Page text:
How to Satisfy Teenage Desire to Travel in the Age of the Pandemic

Writer Ellen Himelfarb and her daughter Camilla near their home in London.

Justin Griffiths-Williams / The Globe and Mail

When my teenage daughters and I talk – which is rare these days – we often fantasize about the trip. I say fantasize because, well, COVID-19. But also because their wish list is almost impossible: Paris with friends? Not while you’re still a minor. Australia? Good luck man. Japan? Call me when you win the lottery.

After a period of inhuman isolation, many adolescents aim high. However, when you remove the long-term ambitions inspired by shows such as Gossip Girl, Emilie in Paris Where Midnight dinner, they just want a little freedom in the company of friends. Until we let that happen, they’ll be happy with us.

“Freedom” could mean a number of things for those of us who are suddenly faced with “normal times” as parents of teenagers. To that end, I started researching and asking friends with slightly older teens what I can expect from my restless and recently unlocked girls and how others might travel with and without theirs to the world. over the next few years.

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What I’ve learned is that no matter where they grow up, a lot of teens are like mine – they think big. But when school is over, will they really want to get out of bed? It is debatable. I could start off easy and send them to a local music festival: an affordable, loosely supervised toe-dipping exercise that, in my entourage at least, is considered teenage nirvana. Ultimately, however, my instinct has always been to aim beyond our backyard, for sometimes unpredictable situations, where the program isn’t sorted like the laundry on the bed.

We all know that traveling can be a balm for anxious teens. According to the United States National Institutes of Health, nearly one in three adolescents between the ages of 13 and 18 will suffer from an anxiety disorder. So anything that gets them out of their bedroom, a claustrophobic friendship group or their parent’s control improves balance, teaches responsibility, gives them an element of control. Even a weekend in Halifax or Victoria can seem as far away as Japan to a novice.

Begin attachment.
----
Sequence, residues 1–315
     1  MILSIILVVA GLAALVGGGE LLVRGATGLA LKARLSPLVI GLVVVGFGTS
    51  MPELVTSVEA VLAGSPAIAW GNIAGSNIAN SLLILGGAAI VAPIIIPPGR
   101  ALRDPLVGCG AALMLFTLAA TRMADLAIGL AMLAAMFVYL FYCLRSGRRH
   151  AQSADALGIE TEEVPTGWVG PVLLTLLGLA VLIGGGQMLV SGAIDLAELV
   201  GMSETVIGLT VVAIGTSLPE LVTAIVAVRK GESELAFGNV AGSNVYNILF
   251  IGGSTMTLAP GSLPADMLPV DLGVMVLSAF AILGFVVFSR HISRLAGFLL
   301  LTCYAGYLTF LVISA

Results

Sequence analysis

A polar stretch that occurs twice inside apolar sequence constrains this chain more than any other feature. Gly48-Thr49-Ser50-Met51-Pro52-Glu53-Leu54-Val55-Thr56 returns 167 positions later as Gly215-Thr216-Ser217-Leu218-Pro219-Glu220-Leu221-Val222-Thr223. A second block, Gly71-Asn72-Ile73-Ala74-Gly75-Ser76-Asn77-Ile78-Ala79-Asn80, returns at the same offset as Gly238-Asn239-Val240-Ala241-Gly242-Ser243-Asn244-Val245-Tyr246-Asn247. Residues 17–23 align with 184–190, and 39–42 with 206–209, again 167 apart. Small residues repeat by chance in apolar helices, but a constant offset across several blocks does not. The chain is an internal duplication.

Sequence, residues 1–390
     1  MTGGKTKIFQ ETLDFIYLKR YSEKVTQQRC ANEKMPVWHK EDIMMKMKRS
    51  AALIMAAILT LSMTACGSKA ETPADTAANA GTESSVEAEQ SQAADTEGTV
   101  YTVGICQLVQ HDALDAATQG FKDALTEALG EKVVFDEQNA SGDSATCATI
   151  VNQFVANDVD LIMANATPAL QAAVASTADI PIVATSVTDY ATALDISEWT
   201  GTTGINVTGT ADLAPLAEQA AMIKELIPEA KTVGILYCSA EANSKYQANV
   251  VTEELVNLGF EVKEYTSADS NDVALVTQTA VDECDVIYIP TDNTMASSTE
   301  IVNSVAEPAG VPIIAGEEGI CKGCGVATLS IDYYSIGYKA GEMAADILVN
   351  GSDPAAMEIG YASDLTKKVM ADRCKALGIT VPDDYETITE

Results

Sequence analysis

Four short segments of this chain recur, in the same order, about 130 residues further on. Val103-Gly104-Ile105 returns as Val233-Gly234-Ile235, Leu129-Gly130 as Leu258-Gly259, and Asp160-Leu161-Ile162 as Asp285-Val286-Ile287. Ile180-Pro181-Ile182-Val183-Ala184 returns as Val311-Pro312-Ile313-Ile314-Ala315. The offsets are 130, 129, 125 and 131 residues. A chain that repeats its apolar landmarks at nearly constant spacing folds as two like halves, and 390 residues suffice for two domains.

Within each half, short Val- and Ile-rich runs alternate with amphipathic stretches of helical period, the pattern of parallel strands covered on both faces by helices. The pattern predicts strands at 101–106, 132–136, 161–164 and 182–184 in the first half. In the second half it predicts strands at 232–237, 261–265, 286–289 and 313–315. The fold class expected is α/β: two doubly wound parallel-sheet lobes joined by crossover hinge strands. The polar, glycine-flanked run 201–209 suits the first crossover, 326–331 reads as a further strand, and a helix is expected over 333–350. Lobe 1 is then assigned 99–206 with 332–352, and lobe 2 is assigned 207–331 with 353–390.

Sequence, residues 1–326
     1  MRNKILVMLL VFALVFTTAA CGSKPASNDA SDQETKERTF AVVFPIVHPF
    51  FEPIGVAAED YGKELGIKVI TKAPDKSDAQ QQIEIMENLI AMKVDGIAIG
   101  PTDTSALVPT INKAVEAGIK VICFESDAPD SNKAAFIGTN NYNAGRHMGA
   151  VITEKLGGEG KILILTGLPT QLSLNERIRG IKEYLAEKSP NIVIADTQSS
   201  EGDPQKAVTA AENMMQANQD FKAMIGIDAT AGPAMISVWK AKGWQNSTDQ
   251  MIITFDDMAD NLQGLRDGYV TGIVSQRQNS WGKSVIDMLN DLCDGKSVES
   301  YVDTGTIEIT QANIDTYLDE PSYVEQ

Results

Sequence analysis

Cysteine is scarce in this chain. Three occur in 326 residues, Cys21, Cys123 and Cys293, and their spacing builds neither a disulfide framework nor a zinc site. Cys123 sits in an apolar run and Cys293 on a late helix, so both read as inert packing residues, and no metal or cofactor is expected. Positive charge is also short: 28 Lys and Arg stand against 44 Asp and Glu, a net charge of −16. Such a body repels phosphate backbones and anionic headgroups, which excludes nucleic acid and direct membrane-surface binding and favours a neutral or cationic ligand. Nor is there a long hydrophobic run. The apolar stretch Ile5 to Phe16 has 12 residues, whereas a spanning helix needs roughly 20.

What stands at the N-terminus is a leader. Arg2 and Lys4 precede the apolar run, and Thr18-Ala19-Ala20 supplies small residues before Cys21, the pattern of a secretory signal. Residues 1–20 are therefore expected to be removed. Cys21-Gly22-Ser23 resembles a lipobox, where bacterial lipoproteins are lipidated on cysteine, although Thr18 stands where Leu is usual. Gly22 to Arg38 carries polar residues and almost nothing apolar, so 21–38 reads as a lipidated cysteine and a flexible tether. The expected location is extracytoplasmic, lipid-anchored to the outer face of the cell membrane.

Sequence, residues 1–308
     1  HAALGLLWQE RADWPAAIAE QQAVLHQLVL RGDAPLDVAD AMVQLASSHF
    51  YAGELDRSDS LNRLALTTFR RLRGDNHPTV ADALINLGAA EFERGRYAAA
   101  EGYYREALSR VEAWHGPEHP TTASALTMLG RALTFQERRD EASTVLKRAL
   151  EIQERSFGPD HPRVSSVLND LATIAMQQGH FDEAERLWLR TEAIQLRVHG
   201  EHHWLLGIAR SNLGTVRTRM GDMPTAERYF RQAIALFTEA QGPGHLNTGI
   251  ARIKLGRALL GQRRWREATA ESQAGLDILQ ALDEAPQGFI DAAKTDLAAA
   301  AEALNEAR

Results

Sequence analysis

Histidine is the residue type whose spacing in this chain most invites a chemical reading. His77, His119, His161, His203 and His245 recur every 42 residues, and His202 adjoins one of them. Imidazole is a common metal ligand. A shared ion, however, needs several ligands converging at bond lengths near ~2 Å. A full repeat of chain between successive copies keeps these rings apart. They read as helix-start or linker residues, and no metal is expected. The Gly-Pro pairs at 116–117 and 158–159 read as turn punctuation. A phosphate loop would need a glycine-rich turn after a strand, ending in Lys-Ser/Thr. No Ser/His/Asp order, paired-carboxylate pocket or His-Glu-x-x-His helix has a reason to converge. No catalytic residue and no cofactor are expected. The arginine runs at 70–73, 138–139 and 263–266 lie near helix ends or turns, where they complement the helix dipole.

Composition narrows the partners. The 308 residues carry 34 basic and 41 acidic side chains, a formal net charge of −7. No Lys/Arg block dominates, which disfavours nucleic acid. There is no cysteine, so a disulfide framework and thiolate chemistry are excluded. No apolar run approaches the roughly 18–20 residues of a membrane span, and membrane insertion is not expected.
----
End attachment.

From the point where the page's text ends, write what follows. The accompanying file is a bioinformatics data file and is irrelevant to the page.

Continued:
Family travel writer Alyson Long says escaping their comfort zone has done wonders for her two teenage sons, helping them develop a worldview independent of what teachers or newspapers tell them. “And I think it’s good that kids know more than they’re told,” says Long, who is the founder of the World Travel Family blog.

Claudia Laroye, a Vancouver writer who chronicles her travels on Claudia Travels, says her two sons, now in their twenties, got their first tastes of freedom on school trips. Then, at age 14, each son went on a “skip-gen” trip with his in-laws. Her eldest chose Peru, hiked part of the Inca Trail solo while her grandparents took the train, and looked after her grandfather who succumbed to altitude sickness in Cusco.

“He must have stepped up more than expected,” says Laroye. “But he has grown to appreciate it – to bond with this generation without interference from his parents.”

The boys graduated from AirBnbs in Whistler, BC and Portland, Oregon. One of them almost missed Christmas when his car broke down in Kamloops, British Columbia. “These things happen,” says Laroye. “From a parental point of view, you let go. But you could also say that things can happen when they are in the store.

True. Now what if your child doesn’t get out of bed in the first place? Start involving them at the planning level.

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Laroye targets apathy with the sharing of power. “It’s important to sit down with the family and plan the trip,” she says. “What are we absolutely going to do together? When do you wake up early and when can you sleep? Give them an interest in where you are going and what you are doing.

Brenna Holeman of Winnipeg, a solo traveler since her teens and author of This Battered Suitcase blog, suggests fighting boredom with the outdoors.

“The hashtag #vanlife really contributed to this desire to escape into nature,” she says. And while capturing that zest for life on Instagram or TikTok might be half the fun, “the kids I’ve talked to are turning away from social media, leaving their phones. They don’t want to film all the time, ”says Holeman.

Parents could see them at a local beach to camp, swim and cook outside, then let them build a hotel in the nearby town, she said.

“You go through a natural change by only driving 100 kilometers,” adds Holeman. “In Canada, we have some of the best scenery in the world, amazing campsites, yurts, cabins for rent. We have more cities than Vancouver, Montreal and Toronto, more nature than Banff and Jasper.

Some of us have needed this trapped time on our side of the border to realize it.

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I find this especially heartwarming, as I can imagine the day when my children will decide that the further away they are from home, the better.

Long knows the feeling, “It’s going to be horrible because I’m probably going to lose them,” she said. “Like I did with my mother.”

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